Source AP ©

Promises to pay for agenda frustrating Democrats in US Congress

Democrats' vow to avoid tax cuts and new government borrowing upon taking control of Congress in January is slowing their agenda for fulfilling some of their campaign promises for better health care coverage and higher wages.

Democratic promises are in peril because Democrats revived the pay-as-you-go - or pay-go, for short - rule that prevailed during Bill Clinton's presidency and helped produce surpluses instead of deficits on the government's books.

Under the pay-go regimen, legislation to cut taxes or boost federal benefit programs such as health insurance for the poor, elderly or disabled must be "paid for" with tax increases or other benefit cuts. Issuing government bonds to cover the costs is forbidden.

The idea is to prevent lawmakers from piling on debt to finance tax cuts or new spending programs.

There are ways around the rule, but it is already having a dampening impact on lawmakers' appetites for deficit-financed tax cuts and big new spending programs.

"Pay-go really has a disciplining effect," said Senate Budget Committee Chairman Kent Conrad, a Democrat.

On the other hand, the pay-go rule is a huge headache for lawmakers. In most cases, more time and effort is spent figuring out how to pay for legislation than on its underlying purpose.

That the rule is applied differently in the House and Senate adds another complicating wrinkle. In the Senate, the rule can be waived by a supermajority of 60 of the Senate's 100 members. That is already a strategy being considered by Senate Finance Committee Chairman Max Baucus on some of the tougher issues.

"Pay-go provides that you either pay for something or you have to get a supermajority vote," Conrad said. That means "some things will get paid for, some things will get a supermajority vote, some things will go down."

But the House seems to be taking pay-go more seriously and battles with House fiscal purists loom if the Senate waives the rule. House leaders have the option of waiving the rule but have vowed they will not, fearing it might set off a revolt by moderate Democrats.

The dynamics of pay-go have been on ample display on a bill to raise the minimum wage from the current $5.15 (EUR 3.79) to $7.25 (EUR 5.33) an hour. Democrats had hoped to have that signed into law by now.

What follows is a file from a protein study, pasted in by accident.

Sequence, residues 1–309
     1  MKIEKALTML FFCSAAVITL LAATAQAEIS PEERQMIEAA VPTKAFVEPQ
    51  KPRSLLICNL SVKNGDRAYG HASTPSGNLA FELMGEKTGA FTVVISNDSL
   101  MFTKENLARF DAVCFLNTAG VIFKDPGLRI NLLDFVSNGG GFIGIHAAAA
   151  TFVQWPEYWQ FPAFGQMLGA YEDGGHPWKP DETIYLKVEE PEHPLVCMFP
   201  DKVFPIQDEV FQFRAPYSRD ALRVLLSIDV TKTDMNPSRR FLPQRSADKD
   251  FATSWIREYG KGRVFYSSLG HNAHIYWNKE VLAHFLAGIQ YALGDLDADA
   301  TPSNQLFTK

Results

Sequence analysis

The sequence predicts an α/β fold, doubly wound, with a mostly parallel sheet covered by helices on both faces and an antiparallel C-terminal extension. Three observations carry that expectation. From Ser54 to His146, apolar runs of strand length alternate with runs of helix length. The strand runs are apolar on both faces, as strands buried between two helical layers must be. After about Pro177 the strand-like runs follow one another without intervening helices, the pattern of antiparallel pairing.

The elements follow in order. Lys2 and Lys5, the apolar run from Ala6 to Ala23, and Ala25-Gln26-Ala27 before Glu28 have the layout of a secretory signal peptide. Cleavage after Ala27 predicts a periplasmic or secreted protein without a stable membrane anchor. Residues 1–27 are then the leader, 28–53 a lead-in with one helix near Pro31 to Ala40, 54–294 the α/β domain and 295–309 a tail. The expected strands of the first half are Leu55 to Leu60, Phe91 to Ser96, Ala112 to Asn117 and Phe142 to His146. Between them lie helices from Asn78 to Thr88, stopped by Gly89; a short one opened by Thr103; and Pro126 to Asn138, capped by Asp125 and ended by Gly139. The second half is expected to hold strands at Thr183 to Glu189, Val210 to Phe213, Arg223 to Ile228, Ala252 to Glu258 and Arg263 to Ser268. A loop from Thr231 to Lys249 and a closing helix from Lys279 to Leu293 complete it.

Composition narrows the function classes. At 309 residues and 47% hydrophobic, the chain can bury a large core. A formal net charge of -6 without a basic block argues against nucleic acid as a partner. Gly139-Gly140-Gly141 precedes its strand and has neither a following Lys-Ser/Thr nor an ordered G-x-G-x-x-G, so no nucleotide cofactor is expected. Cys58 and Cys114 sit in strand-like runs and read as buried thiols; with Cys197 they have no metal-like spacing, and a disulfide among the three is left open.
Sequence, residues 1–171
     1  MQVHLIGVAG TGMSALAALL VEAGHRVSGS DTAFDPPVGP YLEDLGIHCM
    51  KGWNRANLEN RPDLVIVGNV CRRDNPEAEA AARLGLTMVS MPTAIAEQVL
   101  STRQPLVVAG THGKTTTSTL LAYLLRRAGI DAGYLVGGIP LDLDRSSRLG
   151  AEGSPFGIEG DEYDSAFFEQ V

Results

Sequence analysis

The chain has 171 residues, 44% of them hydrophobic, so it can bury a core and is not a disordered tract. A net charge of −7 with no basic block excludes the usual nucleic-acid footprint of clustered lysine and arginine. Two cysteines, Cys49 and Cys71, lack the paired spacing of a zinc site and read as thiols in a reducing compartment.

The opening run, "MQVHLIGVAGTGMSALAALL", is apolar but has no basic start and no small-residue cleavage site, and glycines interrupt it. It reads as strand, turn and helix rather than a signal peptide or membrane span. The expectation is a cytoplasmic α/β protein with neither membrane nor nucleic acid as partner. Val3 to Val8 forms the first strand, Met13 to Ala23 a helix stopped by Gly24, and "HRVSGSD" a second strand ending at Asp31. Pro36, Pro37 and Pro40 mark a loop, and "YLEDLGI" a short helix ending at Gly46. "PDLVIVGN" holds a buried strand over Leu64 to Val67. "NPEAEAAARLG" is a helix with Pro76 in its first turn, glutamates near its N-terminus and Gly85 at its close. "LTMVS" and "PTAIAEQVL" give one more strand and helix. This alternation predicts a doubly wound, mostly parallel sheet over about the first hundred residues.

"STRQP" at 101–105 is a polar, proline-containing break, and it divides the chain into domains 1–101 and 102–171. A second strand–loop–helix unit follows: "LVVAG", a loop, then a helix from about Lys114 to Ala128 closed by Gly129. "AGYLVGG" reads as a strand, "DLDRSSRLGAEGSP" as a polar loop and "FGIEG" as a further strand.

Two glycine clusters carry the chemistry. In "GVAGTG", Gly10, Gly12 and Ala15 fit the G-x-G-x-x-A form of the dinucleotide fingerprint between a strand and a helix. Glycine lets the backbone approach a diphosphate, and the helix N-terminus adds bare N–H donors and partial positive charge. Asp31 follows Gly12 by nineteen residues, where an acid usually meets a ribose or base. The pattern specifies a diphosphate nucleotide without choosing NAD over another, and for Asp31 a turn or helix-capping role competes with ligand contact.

To overcome Republican opposition to raising the federal pay floor, the Senate attached $8.3 billion (EUR 6.1 billion) worth of business-friendly tax provisions. To offset the tax revenue losses, as required by pay-go, the Senate voted to eliminate some tax loopholes and restrict deferred compensation for corporate executives.

A weeks-long deadlock over the tax provisions broke Friday afternoon as the strong-willed chairmen of the tax-writing committees agreed on a compromise.

Pay-go also forced House Democrats to significantly scale back plans to cut college loan interest rates in half, another key campaign promise. A bill passed in January would cut rates only for the less than one-third of students receiving need-based loans instead of all loan recipients, as originally promised.

The effects of the pay-go rule promise to have more dramatic effects on bigger ticket items such as reforming a hidden middle-class tax increase and easing scheduled cuts in insurance payments to doctors under a health care program for the elderly.

Fixing the alternative minimum tax looms as the most difficult test. The AMT originally was designed to make sure wealthy taxpayers pay at least some tax. But because it was never indexed for inflation, it has begun ensnaring an increasing number of middle-class taxpayers.

Fixing the AMT is terrifically expensive, averaging $50 billion (EUR 37 billion) a year or so.

Such costs have many observers skeptical Congress will be able to stick to its pay-go promises.

"When push comes to shove it's going to be tough" to live within pay-go, said House Majority Leader Steny Hoyer, a Democrat. "We'll have to see, but clearly we want to make a really strong try to do that because we believe the fiscal posture we find our country in is very serious."

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